The humble cabbage: A Mexican cook’s loyal friend

articles Food & Cuisine

Karen Hursh Graber

At this time of year, whether you find yourself warming up with a hearty soup or stew in the cool Mexican highlands, or enjoying a fish taco on a winter beach vacation on one of the country’s coasts, chances are that your meal will contain cabbage.

Cabage for sale in a Mexican market © Karen Hursh Graber, 2014
Cabage for sale in a Mexican market
© Karen Hursh Graber, 2014

From the Central Mexican stew called puchero — which uses a whole head of cabbage among numerous other ingredients — to the requisite cabbage salad served with Baja’s most famous street food, this workhorse of a vegetable adds both flavor and nutrition. Even the puchero of the Yucatan peninsula contains a plentiful amount of cabbage, and I don’t think there is any region of the country where this vegetable is not available year round.

The smallest, most remote village market will have cabbage, one of the things home cooks can always count on to be available. Other produce comes and goes, but cabbage is dependably on hand to provide an inexpensive, nourishing addition to family meals. In areas where fresh produce is limited, cabbage is a valuable source of vitamin C that might otherwise be lacking, and keeps well in places with no refrigeration.

Several years ago, on a trip along the old Baja road, we stopped one evening to stay in one of the bunkhouse rooms at Rancho Santa Inez. A full moon that night turned this boulder-strewn terrain into a magical moonscape, but before falling asleep, we couldn’t help wonder what there might be for breakfast, since there was no way to keep food cold with only a couple of hours a day of electricity, sporadic at best.

Not to worry, because the cook was doing a great job with ingredients that kept well without a fridge, including the delicious dried beef called carne machaca, along with dried herbs and spices, eggs, rice, flour, potatoes, carrots, onions, garlic, and — you guessed it — cabbage. Everything that came out of this humble kitchen was delicious, and I am convinced that Mexico was the birthplace of “stone soup.” (Some people can make anything taste good.)

Cabbage does, in fact, appear in several substantial Mexican soups, not to mention the countless variations improvised every day by those who need to feed a family on a tight budget. A few pesos will yield a big pile of shredded cabbage, along with its many nutritional benefits.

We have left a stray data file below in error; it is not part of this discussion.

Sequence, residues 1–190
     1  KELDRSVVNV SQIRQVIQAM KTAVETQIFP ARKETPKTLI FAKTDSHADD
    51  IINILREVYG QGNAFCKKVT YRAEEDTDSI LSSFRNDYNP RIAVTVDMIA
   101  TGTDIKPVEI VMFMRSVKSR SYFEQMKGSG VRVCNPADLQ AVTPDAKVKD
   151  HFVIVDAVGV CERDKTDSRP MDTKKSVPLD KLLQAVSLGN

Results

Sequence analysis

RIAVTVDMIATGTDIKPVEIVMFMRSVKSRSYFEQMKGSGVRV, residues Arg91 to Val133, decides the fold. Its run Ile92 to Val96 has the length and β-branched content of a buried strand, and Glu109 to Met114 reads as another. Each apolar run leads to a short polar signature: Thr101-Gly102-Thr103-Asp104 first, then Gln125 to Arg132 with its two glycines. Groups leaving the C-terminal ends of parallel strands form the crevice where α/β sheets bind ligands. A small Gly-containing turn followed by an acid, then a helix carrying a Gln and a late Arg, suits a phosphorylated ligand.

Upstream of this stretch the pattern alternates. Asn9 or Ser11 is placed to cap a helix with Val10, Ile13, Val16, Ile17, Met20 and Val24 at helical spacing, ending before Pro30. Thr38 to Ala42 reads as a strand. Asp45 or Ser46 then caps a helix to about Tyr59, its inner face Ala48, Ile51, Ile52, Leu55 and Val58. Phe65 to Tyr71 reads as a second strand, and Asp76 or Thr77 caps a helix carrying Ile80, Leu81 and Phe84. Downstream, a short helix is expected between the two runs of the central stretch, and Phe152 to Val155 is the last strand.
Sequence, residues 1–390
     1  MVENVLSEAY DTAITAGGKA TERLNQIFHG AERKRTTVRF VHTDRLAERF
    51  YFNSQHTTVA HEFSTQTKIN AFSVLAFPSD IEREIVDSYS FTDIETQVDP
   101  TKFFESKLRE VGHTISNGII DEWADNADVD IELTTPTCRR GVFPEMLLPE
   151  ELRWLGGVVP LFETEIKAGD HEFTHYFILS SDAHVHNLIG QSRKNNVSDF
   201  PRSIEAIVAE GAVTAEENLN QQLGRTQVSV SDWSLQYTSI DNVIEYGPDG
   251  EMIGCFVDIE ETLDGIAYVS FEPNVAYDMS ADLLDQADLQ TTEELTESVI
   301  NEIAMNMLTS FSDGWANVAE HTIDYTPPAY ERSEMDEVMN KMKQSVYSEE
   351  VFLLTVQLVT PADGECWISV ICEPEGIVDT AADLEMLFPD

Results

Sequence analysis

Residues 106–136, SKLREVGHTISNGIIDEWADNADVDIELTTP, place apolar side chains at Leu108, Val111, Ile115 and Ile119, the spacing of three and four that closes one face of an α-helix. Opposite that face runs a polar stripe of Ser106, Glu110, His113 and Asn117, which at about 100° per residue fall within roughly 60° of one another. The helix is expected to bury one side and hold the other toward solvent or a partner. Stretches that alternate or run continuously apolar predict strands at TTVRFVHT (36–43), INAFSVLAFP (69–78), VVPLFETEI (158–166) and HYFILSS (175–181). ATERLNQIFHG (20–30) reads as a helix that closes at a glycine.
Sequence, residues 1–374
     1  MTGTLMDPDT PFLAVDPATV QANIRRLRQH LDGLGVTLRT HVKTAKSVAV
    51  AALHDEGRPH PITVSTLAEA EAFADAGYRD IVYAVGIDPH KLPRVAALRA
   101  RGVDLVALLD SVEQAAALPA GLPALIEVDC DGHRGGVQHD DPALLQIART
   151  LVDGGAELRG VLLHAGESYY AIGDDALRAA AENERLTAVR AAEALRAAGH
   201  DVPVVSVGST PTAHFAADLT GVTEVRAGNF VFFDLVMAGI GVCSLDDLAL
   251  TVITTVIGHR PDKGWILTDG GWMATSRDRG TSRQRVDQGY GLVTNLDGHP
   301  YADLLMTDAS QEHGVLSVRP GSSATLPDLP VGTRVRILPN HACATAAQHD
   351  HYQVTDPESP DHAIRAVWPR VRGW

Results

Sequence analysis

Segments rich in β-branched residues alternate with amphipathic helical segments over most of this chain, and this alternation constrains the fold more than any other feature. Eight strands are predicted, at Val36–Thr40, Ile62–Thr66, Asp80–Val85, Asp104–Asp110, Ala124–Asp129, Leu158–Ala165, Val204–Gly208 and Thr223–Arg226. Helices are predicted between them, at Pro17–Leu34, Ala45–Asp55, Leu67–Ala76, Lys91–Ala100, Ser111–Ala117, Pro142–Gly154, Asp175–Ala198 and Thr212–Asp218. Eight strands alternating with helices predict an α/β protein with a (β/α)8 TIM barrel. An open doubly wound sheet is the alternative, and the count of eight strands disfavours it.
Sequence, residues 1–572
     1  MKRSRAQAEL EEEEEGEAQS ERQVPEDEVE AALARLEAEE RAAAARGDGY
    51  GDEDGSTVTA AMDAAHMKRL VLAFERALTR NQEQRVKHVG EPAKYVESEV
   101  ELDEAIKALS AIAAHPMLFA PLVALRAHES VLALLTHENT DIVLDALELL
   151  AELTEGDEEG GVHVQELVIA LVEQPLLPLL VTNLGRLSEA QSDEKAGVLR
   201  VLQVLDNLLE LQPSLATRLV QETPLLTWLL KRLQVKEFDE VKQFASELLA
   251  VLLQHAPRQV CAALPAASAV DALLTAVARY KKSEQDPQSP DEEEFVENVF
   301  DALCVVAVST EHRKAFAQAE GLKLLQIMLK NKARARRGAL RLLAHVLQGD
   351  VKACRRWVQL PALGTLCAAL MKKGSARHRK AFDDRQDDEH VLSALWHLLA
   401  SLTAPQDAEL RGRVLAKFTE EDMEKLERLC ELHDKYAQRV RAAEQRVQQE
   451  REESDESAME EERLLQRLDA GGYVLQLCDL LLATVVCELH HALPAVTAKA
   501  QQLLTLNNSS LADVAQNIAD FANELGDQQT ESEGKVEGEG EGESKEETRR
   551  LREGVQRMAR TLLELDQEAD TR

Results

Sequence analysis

Besides having impressively high levels of vitamin C and fiber, cabbage is also a good source of calcium, iron, magnesium and other minerals, plus vitamins K and B6. Cabbage is extremely low in fat and, as a member of the cruciferous family of vegetables that contain disease fighting phytochemicals, is one of the super veggies recommended to lower cancer risk.

Such is the efficacy of cabbage as an antitoxin that during Captain Cook’s first voyage to the South Pacific, the ship’s doctor saved men who had been injured in a violent storm from developing gangrene by applying poultices of cabbage to their wounds. As topical antiseptics, cabbage poultices draw infections from inflamed areas and reduce swelling.

Traveling thereafter with large supplies of cabbage, Cook was one captain whose ships never had scurvy problems, due to the aforementioned high levels of vitamin C in the pickled cabbage fed to crew members. In Mexico, water that has been boiled with cabbage leaves for 10 minutes is taken as an aide in alleviating colitis.

In addition to being an integral part of the wildly popular Baja fish tacos, cabbage is found in many other Mexican street foods, including the salbutes of the Yucatan. In Chihuahua, it is used in a soup brought by Mennonites of Russian descent and enlivened with the typically Mexican additions of tomatoes and chile. One of my favorite uses of cabbage is in a ground beef dish from Chiapas, presented by Diana Kennedy in Essential Cuisines of Mexico.

Col morada — purple or “red” cabbage — is used in vegetable salads in Aguascalientes, where it is soaked in lemon water before adding to the salad, to make the raw cabbage easier to digest. Cabbage is also used in Aguascalientes’ version of a Spanish-style vegetable stew using chambarete, or beef shank with marrow.

When buying cabbage, look for shiny, compact heads that are heavy for their size. Avoid those with blemished leaves or that are light for their size. This is one of the cold weather vegetables that keep without refrigeration, although refrigeration is preferable. If only a half head is being used, the unused half should be covered tightly and stored in the refrigerator for up to three days. Before using cabbage, remove the outer leaves and wash it under running water. Remove and discard the tough inner core before shredding.

Cabbage can be added to almost any vegetable salad or soup, and to many meat stews. Try one of the following Mexican cabbage recipes. Satisfying, healthy and cheap, what’s not to like?

Published or Updated on: January 5, 2014 by Karen Hursh Graber © 2014
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